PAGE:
Sunday, June 6, 2010

Differential Diagnosis of bile duct dilatation

Whenever there is bile duct dilatation, the first priority is to look for obstruction.

If there is an obstruction, we first look for gallstones in the bile duct. If there are no gallstones involved, we then look for strictures.
The differential diagnosis for a stricture is based on the location.

* A distal stricture is most likely the result of a distal cholangiocarcinoma, pancreatic carcinoma or pancreatitis.
* A stricture within the liver is likely due to gallbladder carcinoma or inflammatory strictures like PSC (Primary Sclerosing Cholangitis) or AIDS cholangiopathy.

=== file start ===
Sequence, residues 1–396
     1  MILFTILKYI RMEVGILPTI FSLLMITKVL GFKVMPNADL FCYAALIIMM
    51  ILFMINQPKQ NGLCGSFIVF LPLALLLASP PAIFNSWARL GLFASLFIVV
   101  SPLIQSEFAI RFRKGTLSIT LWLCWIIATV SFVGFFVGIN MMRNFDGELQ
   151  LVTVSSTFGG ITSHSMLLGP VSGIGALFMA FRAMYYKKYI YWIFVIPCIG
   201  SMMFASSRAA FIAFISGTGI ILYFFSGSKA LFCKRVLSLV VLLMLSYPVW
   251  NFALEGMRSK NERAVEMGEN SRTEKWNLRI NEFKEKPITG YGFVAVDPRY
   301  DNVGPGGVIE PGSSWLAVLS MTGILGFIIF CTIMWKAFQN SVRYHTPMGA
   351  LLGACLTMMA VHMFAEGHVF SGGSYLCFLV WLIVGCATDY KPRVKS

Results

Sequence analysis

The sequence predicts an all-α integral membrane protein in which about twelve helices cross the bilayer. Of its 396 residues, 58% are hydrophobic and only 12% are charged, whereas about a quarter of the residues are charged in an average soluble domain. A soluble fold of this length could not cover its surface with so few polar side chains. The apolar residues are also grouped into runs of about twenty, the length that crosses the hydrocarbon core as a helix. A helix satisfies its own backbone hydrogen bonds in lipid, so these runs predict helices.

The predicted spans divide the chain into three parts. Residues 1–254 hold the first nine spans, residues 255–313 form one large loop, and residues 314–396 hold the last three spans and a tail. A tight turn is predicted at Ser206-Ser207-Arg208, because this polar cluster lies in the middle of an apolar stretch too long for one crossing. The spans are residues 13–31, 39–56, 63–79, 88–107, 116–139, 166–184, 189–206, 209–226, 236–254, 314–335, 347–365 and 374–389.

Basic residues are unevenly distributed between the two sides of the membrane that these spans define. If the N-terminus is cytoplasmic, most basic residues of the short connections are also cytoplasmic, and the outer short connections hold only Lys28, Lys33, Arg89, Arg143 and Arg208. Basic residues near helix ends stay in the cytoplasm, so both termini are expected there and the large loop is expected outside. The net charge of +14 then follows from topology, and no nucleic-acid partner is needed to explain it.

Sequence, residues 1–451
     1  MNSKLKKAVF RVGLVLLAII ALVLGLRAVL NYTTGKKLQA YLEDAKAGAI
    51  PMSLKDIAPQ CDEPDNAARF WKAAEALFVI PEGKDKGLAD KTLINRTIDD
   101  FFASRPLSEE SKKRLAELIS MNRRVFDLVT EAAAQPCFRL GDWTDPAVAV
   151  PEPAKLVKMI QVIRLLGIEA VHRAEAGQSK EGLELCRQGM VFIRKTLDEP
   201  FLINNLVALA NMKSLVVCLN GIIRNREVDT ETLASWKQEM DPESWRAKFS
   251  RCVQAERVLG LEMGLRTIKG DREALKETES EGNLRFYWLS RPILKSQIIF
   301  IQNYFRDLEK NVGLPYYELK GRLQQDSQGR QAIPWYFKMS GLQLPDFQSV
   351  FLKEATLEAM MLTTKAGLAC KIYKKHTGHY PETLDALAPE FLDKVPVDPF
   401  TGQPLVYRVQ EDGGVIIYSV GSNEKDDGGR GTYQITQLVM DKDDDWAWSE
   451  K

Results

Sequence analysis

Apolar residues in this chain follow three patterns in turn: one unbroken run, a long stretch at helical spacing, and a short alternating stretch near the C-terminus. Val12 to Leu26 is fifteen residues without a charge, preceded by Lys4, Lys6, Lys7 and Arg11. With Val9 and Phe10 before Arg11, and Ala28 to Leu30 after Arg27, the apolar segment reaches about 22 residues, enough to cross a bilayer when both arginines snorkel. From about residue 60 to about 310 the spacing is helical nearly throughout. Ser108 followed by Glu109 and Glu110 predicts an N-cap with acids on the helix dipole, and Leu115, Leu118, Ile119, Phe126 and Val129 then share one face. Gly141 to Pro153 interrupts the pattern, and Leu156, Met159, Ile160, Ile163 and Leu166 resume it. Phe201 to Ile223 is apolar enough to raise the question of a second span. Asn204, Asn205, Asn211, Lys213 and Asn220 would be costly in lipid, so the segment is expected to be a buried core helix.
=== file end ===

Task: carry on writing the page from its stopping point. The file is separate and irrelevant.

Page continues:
* Metastatic disease can occur anywhere within the bilairy system.

No Obstruction
Once we have excluded obstruction, we have to think about nonobstructive biliary diseases like:

* Caroli disease
* Choledochal cyst
* Recurrent pyogenic cholangitis
* Primary sclerosing cholangitis